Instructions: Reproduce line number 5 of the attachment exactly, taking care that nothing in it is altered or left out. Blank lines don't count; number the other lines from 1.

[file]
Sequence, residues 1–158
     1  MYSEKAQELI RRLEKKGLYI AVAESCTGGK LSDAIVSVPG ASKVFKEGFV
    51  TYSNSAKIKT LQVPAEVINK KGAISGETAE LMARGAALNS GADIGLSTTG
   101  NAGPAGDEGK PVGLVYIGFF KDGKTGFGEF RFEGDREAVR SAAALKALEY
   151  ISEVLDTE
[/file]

   151  ISEVLDTE